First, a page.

Congratulations to Emily Herx, the Indiana Catholic school teacher fired for using in vitro fertilization treatment to become pregnant. Last week she won a nearly $2 million lawsuit against the Fort Wayne-South Bend Roman Catholic archdiocese.

Most heartening: she won on the basis of sex discrimination, meaning the Church can’t always get away with treating women differently than men.

Herx was fired for running afoul of Church teachings on reproductive issues. But her lawsuit argued that the archdiocese had not fired any male teachers who’d run afoul of Church teachings as well by, for example, obtaining vasectomies or agreeing to their wives’ tubal ligations. A federal jury agreed with Herx fast, deliberating but a few hours in a single day.

Her suit also exposed the Church’s continuing double standard between the rank and file and its bishops. While the archdiocese in Herx case cracked down, again, over a matter involving sex and a teacher, the Vatican remains slow to crack down on matters involving sex and its bishops. Bishop Robert Finn of Kansas City has become the new poster boy for this double standard. Two years post his criminal misdemeanor conviction for failing to report to police a suspected pedophile priest, Finn is still being investigated by Rome.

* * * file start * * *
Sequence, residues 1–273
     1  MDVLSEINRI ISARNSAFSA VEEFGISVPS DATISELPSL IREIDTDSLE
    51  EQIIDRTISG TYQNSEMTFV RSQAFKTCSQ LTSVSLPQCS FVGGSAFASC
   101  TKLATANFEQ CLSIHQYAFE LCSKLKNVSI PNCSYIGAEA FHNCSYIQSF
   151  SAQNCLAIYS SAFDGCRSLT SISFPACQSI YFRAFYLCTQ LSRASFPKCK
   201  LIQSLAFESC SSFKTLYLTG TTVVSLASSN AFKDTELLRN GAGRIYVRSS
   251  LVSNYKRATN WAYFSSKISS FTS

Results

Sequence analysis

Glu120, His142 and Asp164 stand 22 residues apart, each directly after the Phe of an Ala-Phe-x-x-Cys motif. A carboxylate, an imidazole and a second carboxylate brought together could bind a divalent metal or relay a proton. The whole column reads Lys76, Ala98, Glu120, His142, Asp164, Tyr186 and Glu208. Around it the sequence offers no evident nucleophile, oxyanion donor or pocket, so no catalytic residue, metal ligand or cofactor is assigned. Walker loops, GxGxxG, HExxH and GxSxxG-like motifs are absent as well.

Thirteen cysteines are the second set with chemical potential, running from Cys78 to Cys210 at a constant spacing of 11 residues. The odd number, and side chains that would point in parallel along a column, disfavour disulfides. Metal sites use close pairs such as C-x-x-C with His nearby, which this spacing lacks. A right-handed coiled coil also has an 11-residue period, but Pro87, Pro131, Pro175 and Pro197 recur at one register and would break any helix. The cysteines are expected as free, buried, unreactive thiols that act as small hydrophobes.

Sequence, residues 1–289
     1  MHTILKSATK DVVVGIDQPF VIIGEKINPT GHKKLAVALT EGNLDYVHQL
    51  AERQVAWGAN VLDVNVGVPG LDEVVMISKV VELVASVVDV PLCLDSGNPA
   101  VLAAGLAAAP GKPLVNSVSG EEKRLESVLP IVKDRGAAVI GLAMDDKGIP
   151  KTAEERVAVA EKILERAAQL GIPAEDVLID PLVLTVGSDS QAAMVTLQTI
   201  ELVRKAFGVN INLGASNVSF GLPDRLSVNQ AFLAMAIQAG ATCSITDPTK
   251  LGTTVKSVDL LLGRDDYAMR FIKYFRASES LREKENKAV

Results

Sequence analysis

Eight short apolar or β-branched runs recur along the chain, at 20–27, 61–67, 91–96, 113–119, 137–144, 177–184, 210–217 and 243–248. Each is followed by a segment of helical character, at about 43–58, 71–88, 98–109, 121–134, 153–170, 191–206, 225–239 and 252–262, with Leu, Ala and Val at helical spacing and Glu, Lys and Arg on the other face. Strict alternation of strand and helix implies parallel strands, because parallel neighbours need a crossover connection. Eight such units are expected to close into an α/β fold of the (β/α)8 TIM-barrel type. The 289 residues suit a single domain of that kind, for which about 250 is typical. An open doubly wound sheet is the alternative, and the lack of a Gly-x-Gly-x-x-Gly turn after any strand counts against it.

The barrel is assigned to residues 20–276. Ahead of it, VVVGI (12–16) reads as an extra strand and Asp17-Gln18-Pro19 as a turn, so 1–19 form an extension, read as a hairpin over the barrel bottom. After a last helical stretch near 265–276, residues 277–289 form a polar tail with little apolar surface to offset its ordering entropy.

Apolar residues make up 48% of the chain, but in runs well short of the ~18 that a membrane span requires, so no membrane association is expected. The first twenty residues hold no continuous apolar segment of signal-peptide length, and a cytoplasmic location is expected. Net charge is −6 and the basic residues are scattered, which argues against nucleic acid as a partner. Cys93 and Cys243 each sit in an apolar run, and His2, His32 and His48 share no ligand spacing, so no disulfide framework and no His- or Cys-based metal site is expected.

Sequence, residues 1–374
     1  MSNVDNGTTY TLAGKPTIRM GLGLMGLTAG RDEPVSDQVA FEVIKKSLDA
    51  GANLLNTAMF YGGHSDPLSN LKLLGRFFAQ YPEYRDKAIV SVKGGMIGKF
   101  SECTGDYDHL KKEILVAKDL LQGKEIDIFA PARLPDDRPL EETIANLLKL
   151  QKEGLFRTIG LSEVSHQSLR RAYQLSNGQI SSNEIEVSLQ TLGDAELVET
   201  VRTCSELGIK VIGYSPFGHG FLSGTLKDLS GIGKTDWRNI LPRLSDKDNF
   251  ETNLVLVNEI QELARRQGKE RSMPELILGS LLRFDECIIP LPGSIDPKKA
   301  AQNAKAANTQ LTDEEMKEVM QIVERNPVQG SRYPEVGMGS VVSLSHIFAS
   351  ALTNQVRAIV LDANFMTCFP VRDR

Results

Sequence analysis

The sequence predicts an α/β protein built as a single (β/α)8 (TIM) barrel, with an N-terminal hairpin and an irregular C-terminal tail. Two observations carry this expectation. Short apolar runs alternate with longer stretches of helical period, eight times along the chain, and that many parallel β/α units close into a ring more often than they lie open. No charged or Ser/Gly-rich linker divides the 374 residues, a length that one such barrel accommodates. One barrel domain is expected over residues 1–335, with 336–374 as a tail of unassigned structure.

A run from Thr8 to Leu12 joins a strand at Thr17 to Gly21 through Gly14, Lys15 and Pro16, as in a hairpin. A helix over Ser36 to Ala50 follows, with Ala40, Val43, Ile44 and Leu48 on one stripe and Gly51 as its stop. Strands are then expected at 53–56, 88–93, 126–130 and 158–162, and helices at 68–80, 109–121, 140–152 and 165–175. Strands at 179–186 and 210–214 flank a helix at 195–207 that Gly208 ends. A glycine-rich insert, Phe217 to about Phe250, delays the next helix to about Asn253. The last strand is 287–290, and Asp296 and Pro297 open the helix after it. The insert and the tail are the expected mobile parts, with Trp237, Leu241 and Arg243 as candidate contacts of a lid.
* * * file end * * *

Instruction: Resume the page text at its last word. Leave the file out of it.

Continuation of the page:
Herx, a woman suffering with infertility, notes in her suit that a priest labeled her a “grave, immoral sinner.” What, then, is Finn?

Meanwhile, despite Pope Francis’ noting the hierarchy’s obsession with gays and reproductive issues, archdioceses around the country continue firing gay workers at Catholic institutions.

But the Herx suit also points to the Church’s startling and very expensive rush to judgment. The Church’s big problem with in vitro fertilization is discarding fertilized embryos. But Herx’ suit insisted not only that she used every embryo created, but that she also informed her superiors of this from the start.

The archdiocese fired her anyway. She fought back, and won.